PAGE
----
Aqueous mixtures of a dye-labeled non-ionic thermoresponsive copolymer and a conjugated cationic polyelectrolyte are shown to exhibit characteristic changes in fluorescence properties in response to temperature and to the presence of salts, enabling a double-stimuli responsiveness. In such mixtures at room temperature, i.e., well below the lower critical solution temperature (LCST), the emission of the dye is strongly quenched due to energy transfer to the polycation, pointing to supramolecular interactions between the two macromolecules. Increasing the concentration of salts weakens the interpolymer interactions, the extent of which is simultaneously monitored from the change in the relative emission intensity of the components. When the mixture is heated above its LCST, the transfer efficiency is significantly reduced, signaling a structural reorganization process, however, surprisingly only if the mixture contains salt ions. To elucidate the reasons behind such thermo- and ion-sensitive fluorescence characteristics, we investigate the effect of salts of alkali chlorides, in particular of NaCl, on the association behavior of these macromolecules before and after the polymer phase transition by a combination of UV-vis, fluorescence, and 1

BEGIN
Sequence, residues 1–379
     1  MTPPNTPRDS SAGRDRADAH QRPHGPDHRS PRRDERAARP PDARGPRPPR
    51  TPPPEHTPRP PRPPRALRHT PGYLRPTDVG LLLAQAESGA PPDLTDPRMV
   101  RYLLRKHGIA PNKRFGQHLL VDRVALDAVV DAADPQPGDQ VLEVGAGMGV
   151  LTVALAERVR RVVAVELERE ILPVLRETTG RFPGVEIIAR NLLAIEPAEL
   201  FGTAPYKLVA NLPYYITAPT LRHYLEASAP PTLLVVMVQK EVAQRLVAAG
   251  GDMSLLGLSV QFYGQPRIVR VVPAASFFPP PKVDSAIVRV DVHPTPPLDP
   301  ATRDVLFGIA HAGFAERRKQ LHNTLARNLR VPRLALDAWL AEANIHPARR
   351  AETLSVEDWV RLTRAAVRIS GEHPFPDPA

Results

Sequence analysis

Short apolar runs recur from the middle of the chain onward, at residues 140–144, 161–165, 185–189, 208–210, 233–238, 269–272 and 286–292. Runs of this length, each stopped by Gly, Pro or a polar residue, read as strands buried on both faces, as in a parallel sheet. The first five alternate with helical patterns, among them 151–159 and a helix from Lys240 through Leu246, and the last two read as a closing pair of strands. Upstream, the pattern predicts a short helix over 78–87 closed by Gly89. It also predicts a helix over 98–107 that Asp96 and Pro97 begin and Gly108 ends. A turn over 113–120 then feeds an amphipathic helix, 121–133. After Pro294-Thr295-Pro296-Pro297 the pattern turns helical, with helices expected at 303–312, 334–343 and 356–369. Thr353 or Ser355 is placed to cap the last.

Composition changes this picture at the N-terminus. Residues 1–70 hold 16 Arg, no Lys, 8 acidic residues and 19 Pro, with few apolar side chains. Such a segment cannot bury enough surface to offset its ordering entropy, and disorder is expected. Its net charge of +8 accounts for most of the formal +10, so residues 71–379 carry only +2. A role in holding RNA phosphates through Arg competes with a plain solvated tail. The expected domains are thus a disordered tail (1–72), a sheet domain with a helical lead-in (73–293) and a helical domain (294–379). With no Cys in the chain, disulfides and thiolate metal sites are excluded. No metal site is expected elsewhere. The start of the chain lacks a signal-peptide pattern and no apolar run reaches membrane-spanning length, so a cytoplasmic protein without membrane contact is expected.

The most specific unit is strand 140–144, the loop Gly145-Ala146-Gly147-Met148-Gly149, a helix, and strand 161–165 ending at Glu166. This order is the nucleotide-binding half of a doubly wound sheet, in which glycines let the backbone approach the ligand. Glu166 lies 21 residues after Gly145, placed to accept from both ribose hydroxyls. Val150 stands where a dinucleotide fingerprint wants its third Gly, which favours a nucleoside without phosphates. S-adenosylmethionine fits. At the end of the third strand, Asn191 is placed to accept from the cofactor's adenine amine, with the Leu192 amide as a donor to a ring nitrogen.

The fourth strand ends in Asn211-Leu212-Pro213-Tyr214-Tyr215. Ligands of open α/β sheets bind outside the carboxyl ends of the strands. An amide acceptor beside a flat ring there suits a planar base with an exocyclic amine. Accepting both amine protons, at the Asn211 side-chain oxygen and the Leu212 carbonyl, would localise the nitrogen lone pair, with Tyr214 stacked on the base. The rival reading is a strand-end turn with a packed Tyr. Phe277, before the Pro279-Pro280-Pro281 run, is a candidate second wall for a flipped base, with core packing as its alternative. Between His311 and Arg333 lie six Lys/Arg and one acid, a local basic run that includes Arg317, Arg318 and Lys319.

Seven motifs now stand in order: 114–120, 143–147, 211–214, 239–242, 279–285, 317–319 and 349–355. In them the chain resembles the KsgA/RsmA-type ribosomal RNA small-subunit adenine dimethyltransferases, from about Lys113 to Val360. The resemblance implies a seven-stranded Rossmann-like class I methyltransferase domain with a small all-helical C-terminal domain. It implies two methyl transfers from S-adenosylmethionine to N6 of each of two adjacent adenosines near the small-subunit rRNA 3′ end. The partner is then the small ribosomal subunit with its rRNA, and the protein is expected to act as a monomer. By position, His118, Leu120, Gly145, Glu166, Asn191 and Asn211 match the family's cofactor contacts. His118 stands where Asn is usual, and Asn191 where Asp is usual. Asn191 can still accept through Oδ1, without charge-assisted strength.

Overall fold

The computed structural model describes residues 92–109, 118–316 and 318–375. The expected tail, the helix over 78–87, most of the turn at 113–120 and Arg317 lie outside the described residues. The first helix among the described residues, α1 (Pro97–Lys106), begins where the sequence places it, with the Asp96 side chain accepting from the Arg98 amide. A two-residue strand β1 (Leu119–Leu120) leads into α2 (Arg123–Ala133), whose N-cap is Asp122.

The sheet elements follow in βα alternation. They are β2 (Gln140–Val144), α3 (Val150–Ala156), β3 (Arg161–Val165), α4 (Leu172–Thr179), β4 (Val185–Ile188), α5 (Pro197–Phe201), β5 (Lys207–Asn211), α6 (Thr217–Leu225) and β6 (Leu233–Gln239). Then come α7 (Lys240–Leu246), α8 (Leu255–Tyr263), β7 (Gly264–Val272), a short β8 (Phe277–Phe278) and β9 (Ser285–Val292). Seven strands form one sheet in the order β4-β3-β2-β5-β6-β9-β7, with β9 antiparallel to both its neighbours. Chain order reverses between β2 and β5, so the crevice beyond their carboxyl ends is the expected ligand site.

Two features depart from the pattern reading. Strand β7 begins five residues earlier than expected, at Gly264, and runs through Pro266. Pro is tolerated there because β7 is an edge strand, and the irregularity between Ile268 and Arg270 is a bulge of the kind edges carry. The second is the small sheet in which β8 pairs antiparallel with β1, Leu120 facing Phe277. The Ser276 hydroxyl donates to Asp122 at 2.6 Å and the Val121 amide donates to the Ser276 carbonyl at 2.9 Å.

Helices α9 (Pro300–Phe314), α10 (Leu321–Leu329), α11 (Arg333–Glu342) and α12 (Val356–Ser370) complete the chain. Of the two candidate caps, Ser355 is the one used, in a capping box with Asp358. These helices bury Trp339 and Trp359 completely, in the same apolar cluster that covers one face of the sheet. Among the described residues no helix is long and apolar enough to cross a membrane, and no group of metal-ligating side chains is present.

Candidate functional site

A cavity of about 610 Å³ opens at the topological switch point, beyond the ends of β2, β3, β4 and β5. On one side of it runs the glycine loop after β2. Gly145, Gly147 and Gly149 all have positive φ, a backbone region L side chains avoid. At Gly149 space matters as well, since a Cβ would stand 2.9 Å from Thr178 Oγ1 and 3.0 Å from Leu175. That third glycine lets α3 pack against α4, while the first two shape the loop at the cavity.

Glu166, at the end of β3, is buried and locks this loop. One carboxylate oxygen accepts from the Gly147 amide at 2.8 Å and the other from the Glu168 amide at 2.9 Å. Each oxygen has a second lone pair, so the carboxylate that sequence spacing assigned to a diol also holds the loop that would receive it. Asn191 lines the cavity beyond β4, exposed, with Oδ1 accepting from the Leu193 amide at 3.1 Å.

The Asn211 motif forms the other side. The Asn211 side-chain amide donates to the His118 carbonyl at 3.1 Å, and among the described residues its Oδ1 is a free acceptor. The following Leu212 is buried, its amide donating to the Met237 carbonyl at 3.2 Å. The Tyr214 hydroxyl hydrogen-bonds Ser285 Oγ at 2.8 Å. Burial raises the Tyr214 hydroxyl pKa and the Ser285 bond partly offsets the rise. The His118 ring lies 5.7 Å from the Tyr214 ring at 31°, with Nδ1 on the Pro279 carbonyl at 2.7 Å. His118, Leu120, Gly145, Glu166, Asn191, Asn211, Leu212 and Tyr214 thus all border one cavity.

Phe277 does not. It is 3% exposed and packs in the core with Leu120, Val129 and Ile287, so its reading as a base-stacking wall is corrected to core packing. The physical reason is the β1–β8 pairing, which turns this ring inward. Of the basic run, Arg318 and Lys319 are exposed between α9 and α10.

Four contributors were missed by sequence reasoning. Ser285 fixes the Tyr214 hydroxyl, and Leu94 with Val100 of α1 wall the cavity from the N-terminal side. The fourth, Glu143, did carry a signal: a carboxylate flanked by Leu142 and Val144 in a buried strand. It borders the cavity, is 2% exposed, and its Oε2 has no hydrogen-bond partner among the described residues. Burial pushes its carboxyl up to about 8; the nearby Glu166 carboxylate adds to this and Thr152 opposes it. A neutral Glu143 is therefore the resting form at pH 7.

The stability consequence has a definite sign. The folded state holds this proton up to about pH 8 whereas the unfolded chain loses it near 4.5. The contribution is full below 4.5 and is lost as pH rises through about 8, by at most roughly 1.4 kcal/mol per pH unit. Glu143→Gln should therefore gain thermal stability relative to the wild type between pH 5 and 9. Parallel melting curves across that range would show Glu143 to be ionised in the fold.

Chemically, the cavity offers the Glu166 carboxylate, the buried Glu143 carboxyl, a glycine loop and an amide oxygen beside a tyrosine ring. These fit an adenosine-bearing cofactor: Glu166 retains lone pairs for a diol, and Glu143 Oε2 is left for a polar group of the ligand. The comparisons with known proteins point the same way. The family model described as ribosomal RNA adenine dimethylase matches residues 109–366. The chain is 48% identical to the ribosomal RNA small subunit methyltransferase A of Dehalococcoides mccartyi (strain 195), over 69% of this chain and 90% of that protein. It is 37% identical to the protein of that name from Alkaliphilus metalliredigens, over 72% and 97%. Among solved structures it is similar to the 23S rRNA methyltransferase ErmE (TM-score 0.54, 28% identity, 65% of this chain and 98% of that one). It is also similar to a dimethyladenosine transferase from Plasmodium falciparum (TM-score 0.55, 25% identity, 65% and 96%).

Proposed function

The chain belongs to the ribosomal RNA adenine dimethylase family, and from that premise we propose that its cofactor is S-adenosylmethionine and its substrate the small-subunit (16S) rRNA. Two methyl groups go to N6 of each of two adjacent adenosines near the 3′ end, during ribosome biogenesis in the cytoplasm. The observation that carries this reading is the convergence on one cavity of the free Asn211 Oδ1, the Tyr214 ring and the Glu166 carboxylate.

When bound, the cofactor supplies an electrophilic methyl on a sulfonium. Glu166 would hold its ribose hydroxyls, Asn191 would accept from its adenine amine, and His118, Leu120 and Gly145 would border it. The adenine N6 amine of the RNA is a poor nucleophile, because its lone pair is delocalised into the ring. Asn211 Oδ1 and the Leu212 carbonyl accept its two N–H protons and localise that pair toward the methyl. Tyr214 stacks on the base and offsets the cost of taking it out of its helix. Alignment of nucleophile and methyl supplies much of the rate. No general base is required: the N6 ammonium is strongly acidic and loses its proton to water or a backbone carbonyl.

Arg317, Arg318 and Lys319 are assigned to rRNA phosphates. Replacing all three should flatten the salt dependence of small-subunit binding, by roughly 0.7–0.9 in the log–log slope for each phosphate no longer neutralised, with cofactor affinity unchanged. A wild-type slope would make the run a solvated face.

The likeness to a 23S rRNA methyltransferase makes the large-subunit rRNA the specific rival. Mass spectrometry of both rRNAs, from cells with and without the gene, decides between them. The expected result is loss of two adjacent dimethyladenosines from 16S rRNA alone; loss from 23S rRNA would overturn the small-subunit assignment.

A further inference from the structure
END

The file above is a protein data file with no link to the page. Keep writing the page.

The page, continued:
H NMR spectroscopy with light scattering and small-angle neutron scattering measurements.